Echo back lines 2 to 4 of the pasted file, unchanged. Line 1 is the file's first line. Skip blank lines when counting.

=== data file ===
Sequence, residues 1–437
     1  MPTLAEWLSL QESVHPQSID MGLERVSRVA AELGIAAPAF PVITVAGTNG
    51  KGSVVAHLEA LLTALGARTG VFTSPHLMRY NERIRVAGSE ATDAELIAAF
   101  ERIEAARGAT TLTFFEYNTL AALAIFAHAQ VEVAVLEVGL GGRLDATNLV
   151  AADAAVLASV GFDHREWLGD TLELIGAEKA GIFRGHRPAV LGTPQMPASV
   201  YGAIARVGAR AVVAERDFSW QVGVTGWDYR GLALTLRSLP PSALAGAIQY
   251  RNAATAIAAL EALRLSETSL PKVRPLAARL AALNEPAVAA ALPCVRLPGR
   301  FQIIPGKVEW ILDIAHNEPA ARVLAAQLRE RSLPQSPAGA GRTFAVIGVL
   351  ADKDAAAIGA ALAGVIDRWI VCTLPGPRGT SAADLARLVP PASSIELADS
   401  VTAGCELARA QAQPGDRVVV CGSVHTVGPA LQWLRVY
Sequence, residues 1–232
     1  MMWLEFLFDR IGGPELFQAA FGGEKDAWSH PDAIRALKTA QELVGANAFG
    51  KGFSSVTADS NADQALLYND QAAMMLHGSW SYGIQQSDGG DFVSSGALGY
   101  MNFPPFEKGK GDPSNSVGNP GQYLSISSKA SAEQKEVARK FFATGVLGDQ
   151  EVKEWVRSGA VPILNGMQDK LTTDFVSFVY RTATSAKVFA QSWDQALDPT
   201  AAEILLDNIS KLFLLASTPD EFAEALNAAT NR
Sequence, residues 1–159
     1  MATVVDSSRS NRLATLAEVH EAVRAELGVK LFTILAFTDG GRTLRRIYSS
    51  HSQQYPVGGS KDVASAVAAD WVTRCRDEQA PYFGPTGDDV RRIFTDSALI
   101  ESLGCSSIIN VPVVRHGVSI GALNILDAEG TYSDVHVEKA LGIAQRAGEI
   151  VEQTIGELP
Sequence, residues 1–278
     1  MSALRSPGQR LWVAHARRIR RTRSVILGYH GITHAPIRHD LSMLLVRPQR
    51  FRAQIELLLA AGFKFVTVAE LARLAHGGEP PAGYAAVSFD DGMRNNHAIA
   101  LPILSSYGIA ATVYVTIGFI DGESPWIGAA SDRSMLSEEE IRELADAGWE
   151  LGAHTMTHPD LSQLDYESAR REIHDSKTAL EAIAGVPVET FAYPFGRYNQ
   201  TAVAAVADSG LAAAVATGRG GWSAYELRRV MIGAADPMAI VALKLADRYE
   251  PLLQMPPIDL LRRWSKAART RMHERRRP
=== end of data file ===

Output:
     1  MPTLAEWLSL QESVHPQSID MGLERVSRVA AELGIAAPAF PVITVAGTNG
    51  KGSVVAHLEA LLTALGARTG VFTSPHLMRY NERIRVAGSE ATDAELIAAF
   101  ERIEAARGAT TLTFFEYNTL AALAIFAHAQ VEVAVLEVGL GGRLDATNLV